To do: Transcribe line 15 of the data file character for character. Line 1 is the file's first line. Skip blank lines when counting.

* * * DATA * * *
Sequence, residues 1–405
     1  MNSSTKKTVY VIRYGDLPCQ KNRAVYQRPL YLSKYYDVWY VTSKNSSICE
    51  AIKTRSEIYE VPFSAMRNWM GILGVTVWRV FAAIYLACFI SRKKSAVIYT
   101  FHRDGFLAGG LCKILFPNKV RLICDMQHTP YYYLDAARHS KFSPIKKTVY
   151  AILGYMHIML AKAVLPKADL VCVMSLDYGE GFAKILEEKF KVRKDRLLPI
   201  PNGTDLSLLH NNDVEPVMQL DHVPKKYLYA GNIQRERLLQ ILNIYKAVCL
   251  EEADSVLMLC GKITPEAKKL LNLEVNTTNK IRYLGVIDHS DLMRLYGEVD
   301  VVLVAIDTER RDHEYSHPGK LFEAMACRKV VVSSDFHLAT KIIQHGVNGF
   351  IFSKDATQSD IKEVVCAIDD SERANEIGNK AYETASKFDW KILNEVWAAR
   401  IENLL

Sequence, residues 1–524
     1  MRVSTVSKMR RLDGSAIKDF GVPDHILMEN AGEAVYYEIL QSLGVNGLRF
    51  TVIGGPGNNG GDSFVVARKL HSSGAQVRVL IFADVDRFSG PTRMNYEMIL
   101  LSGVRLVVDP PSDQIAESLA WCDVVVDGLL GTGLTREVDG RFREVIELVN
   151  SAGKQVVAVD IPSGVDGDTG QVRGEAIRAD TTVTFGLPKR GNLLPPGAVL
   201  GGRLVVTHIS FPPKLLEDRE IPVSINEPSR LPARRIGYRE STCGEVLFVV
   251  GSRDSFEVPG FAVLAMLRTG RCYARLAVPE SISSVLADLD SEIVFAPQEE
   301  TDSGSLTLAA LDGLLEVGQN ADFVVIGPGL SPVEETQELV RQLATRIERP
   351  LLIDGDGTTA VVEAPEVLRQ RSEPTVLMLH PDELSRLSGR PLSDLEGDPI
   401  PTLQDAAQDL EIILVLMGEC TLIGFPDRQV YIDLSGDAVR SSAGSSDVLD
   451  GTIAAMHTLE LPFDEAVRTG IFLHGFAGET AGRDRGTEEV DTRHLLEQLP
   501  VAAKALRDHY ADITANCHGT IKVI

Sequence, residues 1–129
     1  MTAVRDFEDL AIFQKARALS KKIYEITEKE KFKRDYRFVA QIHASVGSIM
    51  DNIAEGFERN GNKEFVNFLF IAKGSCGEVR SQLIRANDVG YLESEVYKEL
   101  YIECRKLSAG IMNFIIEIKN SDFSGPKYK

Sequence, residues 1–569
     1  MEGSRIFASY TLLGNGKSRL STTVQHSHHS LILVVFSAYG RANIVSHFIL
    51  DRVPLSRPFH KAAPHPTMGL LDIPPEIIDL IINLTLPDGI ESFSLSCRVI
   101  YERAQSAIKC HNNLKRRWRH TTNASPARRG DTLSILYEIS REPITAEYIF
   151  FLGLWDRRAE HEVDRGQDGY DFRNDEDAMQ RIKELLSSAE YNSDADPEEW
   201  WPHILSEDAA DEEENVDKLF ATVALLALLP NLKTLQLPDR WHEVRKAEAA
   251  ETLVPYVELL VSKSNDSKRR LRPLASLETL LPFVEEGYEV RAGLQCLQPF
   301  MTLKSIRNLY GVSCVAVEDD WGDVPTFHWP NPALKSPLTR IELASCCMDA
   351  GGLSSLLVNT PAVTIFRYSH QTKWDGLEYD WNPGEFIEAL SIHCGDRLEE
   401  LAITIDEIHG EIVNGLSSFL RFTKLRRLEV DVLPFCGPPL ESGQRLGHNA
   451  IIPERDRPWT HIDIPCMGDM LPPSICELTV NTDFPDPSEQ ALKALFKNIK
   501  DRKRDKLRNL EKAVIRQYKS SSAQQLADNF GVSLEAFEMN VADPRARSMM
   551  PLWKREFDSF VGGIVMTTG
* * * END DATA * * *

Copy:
   151  SAGKQVVAVD IPSGVDGDTG QVRGEAIRAD TTVTFGLPKR GNLLPPGAVL